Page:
Dictionary > English Dictionary > Definition, synonym and antonym of position
Meaning of position by Wiktionary Dictionary

position


    Etymology

    From French position, from Latin positio ( “a putting, position” ), from ponere, past participle positus ( “to put, place” ); see ponent. Compare apposition, composition, deposition; see pose .

    Pronunciation

    • ( US, UK ) IPA: /pəˈzɪʃən/, X-SAMPA: /p@."zI.S@n/
    • Rhymes: -ɪʃən

    Noun

    position ( plural: positions ) ( abbreviated as posish )

    1. A place or location .
    2. A post of employment; a job .
    3. A status or rank .
      Chief of Staff is the second-highest position in the army .
    4. An opinion, stand, or stance .
      My position on this issue is unchanged .
    5. A posture .
      Stand in this position, with your arms at your side .
    6. ( team sports ) A place on the playing field, together with a set of duties, assigned to a player .
      Stop running all over the field and play your position!
    7. ( finance ) An amount of securities or commodities held by a person, firm, or institution .
      Strong earnings have bolstered the company's financial position .

    Verb

    position ( third-person singular simple present positions present participle positioning, simple past and past participle positioned )

    1. To put into place.

    Statistics

    External links

    • position in Webster’s Revised Unabridged Dictionary, G. & C. Merriam, 1913
    • position in The Century Dictionary, The Century Co., New York, 1911


Explanation of position by Wordnet Dictionary

position


    Verb
    1. put into a certain place or abstract location

    2. cause to be in an appropriate place, state, or relation

    Noun
    1. the act of positing

    2. a job in an organization

    3. the post or function properly or customarily occupied or served by another

    4. the role assigned to an individual player

    5. what position does he play?
    6. the act of putting something in a certain place

    7. the spatial property of a place where or way in which something is situated

    8. the position of the hands on the clock
    9. the arrangement of the body and its limbs

    10. a rationalized mental attitude

    11. a way of regarding situations or topics etc .

    12. an item on a list or in a sequence

    13. moved from third to fifth position
    14. an opinion that is held in opposition to another in an argument or dispute

    15. the particular portion of space occupied by something

    16. the appropriate or customary location

    17. the cars were in position
    18. a point occupied by troops for tactical reasons

    19. a condition or position in which you find yourself

    20. the unpleasant situation ( or position ) of having to choose between two evils
    21. the relative position or standing of things or especially persons in a society

    22. atheists do not enjoy a favorable position in American life


    Definition of position by GCIDE Dictionary

    position


    1. Position n. [F. position, L. positio, fr. ponere, positum, to put, place; prob. for posino, fr. an old preposition used only in comp. ( akin to Gr. ) + sinere to leave, let, permit, place. See Site, and cf. Composite, Compound, v., Depone, Deposit, Expound, Impostor, Opposite, Propound, Pose, v., Posit, Post, n.]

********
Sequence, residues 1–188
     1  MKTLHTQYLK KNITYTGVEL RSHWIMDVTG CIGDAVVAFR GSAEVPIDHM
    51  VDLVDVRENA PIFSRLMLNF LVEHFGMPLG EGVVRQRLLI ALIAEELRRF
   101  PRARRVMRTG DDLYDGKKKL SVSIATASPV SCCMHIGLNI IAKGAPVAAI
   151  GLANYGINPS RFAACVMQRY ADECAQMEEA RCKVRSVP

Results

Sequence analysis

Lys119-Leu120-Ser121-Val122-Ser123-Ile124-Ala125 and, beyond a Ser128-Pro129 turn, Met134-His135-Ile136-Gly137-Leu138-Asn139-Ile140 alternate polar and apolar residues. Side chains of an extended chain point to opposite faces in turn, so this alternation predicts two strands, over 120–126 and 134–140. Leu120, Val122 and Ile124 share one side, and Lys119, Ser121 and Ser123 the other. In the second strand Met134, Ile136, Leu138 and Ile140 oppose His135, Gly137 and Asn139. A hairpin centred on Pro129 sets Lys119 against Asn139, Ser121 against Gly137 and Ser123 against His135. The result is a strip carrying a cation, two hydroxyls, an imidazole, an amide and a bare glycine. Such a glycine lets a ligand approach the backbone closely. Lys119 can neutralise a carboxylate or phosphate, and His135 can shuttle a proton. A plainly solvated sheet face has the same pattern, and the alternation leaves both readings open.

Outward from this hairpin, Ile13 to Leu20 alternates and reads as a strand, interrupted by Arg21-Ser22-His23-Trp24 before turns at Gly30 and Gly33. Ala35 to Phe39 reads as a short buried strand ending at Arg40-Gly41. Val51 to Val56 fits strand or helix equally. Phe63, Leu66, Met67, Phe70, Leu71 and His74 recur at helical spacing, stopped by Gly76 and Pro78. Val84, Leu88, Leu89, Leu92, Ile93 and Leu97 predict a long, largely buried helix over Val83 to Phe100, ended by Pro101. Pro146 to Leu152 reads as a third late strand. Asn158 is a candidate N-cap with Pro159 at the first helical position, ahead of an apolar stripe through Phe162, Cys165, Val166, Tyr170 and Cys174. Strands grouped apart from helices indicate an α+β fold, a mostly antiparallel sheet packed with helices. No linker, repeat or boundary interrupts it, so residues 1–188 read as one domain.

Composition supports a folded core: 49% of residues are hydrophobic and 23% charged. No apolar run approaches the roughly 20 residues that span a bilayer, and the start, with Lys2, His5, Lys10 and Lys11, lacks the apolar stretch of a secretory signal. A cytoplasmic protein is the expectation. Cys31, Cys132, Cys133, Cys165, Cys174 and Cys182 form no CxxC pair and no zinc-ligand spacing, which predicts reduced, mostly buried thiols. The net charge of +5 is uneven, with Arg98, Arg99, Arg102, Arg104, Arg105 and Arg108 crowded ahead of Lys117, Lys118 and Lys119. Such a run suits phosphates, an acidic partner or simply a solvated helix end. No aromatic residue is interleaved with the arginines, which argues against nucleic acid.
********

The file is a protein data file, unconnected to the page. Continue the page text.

1. The state of being posited, or placed; the manner in which anything is placed; attitude; condition; as, “a firm, an inclined, or an upright position”.

      We have different prospects of the same thing, according to our different positions to it. Locke.

      2. The spot where a person or thing is placed or takes a place; site; place; station; situation; as, “the position of man in creation; the fleet changed its position.”

      3. Hence: The ground which any one takes in an argument or controversy; the point of view from which any one proceeds to a discussion; also, a principle laid down as the basis of reasoning; a proposition; a thesis; as, “to define one's position; to appear in a false position.”

      Let not the proof of any position depend on the positions that follow, but always on those which go before. I. Watts.

      4. Relative place or standing; social or official rank; as, “a person of position”; hence, office; post; as, “to lose one's position”.

      5. ( Arith. ) A method of solving a problem by one or two suppositions; -- called also the rule of trial and error.

      Angle of position ( Astron. ), the angle which any line ( as that joining two stars ) makes with another fixed line, specifically with a circle of declination. -- Double position ( Arith. ), the method of solving problems by proceeding with each of two assumed numbers, according to the conditions of the problem, and by comparing the difference of the results with those of the numbers, deducing the correction to be applied to one of them to obtain the true result. -- Guns of position ( Mil. ), heavy fieldpieces, not designed for quick movements. -- Position finder ( Mil. ), a range finder. See under Range. -- Position micrometer, a micrometer applied to the tube of an astronomical telescope for measuring angles of position in the field of view. -- Single position ( Arith. ), the method of solving problems, in which the result obtained by operating with an assumed number is to the true result as the number assumed is to the number required. -- Strategic position ( Mil. ), a position taken up by an army or a large
      detachment of troops for the purpose of checking or observing an opposing force.

      Syn. -- Situation; station; place; condition; attitude; posture; proposition; assertion; thesis.

    2. Position v. t. To indicate the position of; to place. [R.] Encyc. Brit.